The Letter.

Golden sunlight peeked from behind clouds, touching the bustling streets and terra-cotta rooftops of Lucca. Near the city’s piazza, stood a glistening, grey cathedral. Its tall bell-tower soared upwards and cast cool shade over sunbaked pavement.

Suddenly, a figure burst from the large, wooden doors; wearing elegant clothes, obviously wealthy. A black-robed priest chased after then halted upon the steps, raised his first in the air and called out:

“Get away from here! I do not absolve people who aren’t sorry- your sin will be the death of you!”

The wealthy man turned and gestured with his hand, angrily shouting. Then, he hastily left.

Still huffing with irritation, the priest spun, seeing a flash of bright red crossing the nearby courtyard. Squinting against vibrant daylight, another man, brown-haired, in his early thirties, came forth. His draping, scarlet finery rustled from the wind and quickly, he snatched his small, red cap before it could blow away.

“Father Adreo, whatever is the matter?” he asked.

Anxious, Adreo stared down. He bowed reverently and replied, “Cardinal Fratelli, Your Eminence, I didn’t think I would see you so soon…I’m sorry this had to get your attention.”

“I was just strolling,” Fratelli said, “and heard you yelling. Are you upset? Do you wish to talk about it?”

“No…not really.”

For a moment, they stood awkwardly eyeing eachother.

Hesitantly, the cardinal began ascending the stairs but he stopped right in front of Adreo and stepped back. He waited silently- then spoke,

“Father, you are blocking the door…”

“Oh!” Adreo exclaimed and moved aside.

He blushed, his fair-skinned face turning red as the cardinal’s robes. Fratelli however, ignored him as he passed by. Entering into cold candle-lit air, he sighed; glad to escape from the summer sun. Walking solemnly with his hands folded, he chose a suitable place where he knelt quietly in prayer.

Peering up at the white, marble high-altar, he mumbled:

Good Lord, be my shelter and relief. You know everything and so, you indeed know I’ve had a headache all day. If this suffering cannot be removed, O God, please… at least spare me from yelling and stress…”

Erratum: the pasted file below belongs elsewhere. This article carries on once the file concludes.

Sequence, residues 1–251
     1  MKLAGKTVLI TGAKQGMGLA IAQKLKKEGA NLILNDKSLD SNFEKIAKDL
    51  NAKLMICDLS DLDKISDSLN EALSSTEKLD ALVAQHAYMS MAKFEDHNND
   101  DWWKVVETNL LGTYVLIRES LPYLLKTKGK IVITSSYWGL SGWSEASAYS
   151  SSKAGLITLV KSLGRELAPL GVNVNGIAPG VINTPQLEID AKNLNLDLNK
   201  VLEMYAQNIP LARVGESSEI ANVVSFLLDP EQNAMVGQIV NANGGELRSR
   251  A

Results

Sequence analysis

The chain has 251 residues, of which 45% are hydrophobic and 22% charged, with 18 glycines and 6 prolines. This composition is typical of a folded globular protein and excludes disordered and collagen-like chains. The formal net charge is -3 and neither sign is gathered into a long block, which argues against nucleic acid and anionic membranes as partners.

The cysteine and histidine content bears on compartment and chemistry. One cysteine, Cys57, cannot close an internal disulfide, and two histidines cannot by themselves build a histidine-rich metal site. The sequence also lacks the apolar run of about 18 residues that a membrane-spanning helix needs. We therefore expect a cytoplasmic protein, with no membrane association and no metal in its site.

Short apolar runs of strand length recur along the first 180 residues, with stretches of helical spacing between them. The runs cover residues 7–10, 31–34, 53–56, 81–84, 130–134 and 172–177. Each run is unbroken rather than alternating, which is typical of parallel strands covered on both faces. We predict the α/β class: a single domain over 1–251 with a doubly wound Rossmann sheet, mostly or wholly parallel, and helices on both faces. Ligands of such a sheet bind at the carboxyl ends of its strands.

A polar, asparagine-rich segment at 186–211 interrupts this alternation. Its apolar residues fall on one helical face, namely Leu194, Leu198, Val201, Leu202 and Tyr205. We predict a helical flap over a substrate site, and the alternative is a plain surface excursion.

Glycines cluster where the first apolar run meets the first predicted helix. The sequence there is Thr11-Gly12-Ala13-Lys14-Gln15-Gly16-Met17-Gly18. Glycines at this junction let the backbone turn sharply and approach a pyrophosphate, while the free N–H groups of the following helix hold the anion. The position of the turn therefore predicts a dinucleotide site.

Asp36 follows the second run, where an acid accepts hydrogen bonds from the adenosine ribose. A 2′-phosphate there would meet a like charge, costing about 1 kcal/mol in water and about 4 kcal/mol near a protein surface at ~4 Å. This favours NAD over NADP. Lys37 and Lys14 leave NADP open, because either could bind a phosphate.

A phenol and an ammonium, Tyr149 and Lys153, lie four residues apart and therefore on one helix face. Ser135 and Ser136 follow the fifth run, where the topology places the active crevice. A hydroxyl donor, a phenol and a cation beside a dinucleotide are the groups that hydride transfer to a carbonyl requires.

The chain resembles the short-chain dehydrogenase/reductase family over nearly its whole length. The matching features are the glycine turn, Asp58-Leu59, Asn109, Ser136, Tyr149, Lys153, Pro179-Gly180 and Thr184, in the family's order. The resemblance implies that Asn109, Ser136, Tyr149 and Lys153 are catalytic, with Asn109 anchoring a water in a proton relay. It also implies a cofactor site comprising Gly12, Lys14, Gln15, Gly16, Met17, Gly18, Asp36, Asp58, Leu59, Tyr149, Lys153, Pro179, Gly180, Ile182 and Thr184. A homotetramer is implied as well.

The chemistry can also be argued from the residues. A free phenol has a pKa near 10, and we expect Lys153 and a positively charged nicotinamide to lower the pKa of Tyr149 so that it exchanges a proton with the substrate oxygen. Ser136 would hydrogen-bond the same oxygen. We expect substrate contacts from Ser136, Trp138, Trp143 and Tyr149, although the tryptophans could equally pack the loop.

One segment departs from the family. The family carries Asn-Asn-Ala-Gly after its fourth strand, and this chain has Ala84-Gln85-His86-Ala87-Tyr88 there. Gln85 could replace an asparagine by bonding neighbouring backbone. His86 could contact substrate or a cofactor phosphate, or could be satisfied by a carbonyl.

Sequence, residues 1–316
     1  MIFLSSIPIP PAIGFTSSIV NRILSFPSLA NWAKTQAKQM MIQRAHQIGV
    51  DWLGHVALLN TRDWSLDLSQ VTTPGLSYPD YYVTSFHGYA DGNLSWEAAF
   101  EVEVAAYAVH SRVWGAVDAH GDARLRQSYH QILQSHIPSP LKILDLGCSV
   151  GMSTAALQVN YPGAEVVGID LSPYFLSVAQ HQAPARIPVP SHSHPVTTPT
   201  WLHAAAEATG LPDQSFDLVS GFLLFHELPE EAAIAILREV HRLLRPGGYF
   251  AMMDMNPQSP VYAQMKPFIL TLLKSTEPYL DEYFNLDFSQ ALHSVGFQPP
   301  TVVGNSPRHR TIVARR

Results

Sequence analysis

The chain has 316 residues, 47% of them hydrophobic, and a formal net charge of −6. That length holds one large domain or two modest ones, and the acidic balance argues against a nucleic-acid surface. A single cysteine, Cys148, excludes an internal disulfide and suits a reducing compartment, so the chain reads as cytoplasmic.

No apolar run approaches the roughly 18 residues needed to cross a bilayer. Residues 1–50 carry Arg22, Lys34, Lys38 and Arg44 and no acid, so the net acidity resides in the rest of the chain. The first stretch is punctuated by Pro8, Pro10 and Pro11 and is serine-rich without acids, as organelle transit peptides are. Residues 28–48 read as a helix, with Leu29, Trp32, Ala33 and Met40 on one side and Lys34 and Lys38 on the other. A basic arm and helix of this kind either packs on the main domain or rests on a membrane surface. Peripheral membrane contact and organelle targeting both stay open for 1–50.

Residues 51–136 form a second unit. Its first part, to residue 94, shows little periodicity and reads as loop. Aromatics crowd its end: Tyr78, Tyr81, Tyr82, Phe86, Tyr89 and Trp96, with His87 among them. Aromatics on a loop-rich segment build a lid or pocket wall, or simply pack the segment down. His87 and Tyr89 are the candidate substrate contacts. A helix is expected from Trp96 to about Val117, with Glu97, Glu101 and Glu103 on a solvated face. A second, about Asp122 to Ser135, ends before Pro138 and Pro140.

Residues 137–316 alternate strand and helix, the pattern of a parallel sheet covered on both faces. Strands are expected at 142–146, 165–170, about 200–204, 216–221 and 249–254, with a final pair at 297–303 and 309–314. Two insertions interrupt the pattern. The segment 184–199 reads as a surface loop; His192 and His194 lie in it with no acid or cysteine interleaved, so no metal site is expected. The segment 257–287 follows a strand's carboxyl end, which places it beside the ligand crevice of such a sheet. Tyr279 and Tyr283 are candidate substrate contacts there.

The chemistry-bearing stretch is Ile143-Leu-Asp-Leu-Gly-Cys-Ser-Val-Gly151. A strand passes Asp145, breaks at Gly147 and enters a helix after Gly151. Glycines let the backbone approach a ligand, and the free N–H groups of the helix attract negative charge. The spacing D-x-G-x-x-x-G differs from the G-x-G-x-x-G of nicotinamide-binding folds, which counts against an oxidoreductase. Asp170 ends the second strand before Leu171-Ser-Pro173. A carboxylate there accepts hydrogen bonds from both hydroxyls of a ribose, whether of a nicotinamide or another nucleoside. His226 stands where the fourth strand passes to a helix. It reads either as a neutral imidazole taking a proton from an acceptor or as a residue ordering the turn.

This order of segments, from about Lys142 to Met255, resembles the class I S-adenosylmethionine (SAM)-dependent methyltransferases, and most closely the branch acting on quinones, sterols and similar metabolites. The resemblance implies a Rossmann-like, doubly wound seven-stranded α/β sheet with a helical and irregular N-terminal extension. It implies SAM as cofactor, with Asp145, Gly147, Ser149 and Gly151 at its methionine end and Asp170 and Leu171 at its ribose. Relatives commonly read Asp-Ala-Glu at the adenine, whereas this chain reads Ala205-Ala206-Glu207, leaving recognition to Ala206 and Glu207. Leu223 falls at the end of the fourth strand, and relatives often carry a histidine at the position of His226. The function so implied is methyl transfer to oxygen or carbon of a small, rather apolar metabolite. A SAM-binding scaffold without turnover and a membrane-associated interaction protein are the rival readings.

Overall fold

Immediately after he finished this prayer, delicately signing a cross, some loud noise clanged outside. Jumping afoot, he muttered, “What now?”

Exiting through a side door, Fratelli looked upon broken glass, scattered paint-brushes and a man who sat next to a fallen cart. Splatters of every imaginable color surrounded him. His black hair streaked yellow and blue, he glumly frowned. As Fratelli approached, gingerly lifting the hem of his garb far from the paint-splashed ground, he jolted and spoke:

“I’m so, so sorry! I had been scheduled to come here, work in the cathedral…but was so excited, I lost my bearings! One thing happened, then another! Please forgive me?”

Although concerned, feeling utmost sympathy for this man, Fratelli bluntly asked, “You were supposed to work here today? Why didn’t anyone inform me?”

“I’ll clean all this up, Your Eminence…I promise…”

“Why doesn’t anyone tell me these things!”

The cardinal stomped off, leaving the painter alone to bemoan his colorful mess.

Sun shone through tall windows. Seated in the rectory office, an older priest; grey-haired and quite short, browsed through a pile of letters. He raised his head when Fratelli rushed in.

“Did you see what happened outside?” the cardinal huffed.

“No, Your Eminence.”

“Father Rodrigo, the painter you sent here, without informing me of course…which is something we must speak about, he dropped all his things and the sidewalk… is now covered with every color of paint!”

“Lord have mercy!” Rodrigo gasped, folding one arm against his chest.

“You will help him clean it up,” Fratelli said, “Then come back here so we can discuss why you keep forgetting to tell me things!”

Avoiding Fratelli’s hot gaze, Rodrigo scurried out.

Musing to himself, Fratelli now rested.  Seated at the desk, he regarded the letters and began sorting them. One, addressed from London, England, caught his eye. Quickly, he opened the envelope and read aloud:

Dear, Angelo Cardinal Fratelli,

          I have not forgotten about you and the wonderful times we shared when we were two, mischievous youths. You had always been a great friend of mine and at last, I’ve taken opportunity for a vacation in Italy. Summers here in London are dreary and depressing, so this arrangement is perfect!

          I cannot wait to see you, visit and talk about where life has led us. In advance, I send this letter so preparations can be made for my reception. Don’t be too anxious, I’ll be there before you know it.



          Your Old Friend,

          Jack Holloway.

Feeling shivers of excitement, Fratelli set down the letter then picked it up and read again. Though a dull pain still throbbed in his head, he felt glad- even relieved. He hadn’t seen Jack for 7 years, since his ordination into priesthood. Truly, they would have so much to talk about!